• The Bible: Okay, so duh!, right? Of course I recommend the Bible, but here I want to recommend a very specific one: the Everyday Matters Bible which is available in NLT and KJV. I got to serve as the general editor for this Bible and it is jam-packed, I mean brimming full, of articles and essays (alongside the Scriptural text) exploring spiritual disciplines and practices in powerful depth. The authors are very insightful and I felt very inspired and convicted by the material.
• Tinies: There’s one ultra-tiny book that’s been ultra-powerful in my own spiritual life: The Practice of the Presence of God by Brother Lawrence. The “simple” ideas in this short book comprised of letters and conversations with a French monk in the 1600s may be the single-most profound influence on my spiritual life to date. Huge spiritual ideas sometimes hide in tiny books! I’ve also found the “Upper Room Spiritual Classics” series to be awesome – very tiny books that are excerpts of the best work of powerful writers from Christian history like Catherine of Sienna and Teresa of Avila.
• Renovaré resources: Devotional Classics and Spiritual Classics are great resources for personal “Bible study” or small group discussion. Filled with readings from significant Christians throughout church history, these resources help translate critical spiritual ideas into practical soul-realities in our everyday lives.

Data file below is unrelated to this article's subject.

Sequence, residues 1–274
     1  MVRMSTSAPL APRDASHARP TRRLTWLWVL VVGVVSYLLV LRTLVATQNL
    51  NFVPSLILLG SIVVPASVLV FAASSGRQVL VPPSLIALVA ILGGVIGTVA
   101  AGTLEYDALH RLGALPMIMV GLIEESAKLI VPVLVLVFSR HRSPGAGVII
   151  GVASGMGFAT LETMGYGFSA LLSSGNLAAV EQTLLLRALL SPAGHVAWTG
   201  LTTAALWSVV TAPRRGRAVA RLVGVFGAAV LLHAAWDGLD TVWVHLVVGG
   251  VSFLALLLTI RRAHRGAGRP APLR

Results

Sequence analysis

• Imagine Scripture with Walter Wangerin, Jr.: I was privileged to take my senior year creative writing course with National Book Award winning author (and pastor) Walter Wangerin, Jr. Needless to say it was a life-shaping semester. When Scripture seems too familiar to me, after a lifetime in the church, I refresh my perspective by reading Wangerin’s powerful fictional retellings of biblical accounts. His stunning use of empathy, imagination, and wordcraft bring the Bible to life for me and will for you too. I heartily recommend to you Jesus: A Novel, Paul: A Novel, and The Book of God: The Bible as a Novel.
• Re-imagine time: And one more beautiful book to conclude with: Receiving the Day by Dorothy C. Bass. This lovely book is another I return to over and over – to recalibrate, to re-center, to re-imagine this one and only life God has given to me. Receiving the Day explores the idea of Sabbath and helps us realize that the time we are allotted daily is God’s gift to us. This book challenges me with questions that, without exception, prompt me to let loose all the superficial worries and concerns that plague me and find my true self in God once more.
What resources have helped to shape your own faith? Have inspired you in spiritual practice and discipline? I’d love to hear your recommendations.
P.S. This month, the theme on my blog will be Cultivate Your Character to complement the release of my new book by the same title. But that discussion of virtue and how we can grow in it will start next week – stay tuned!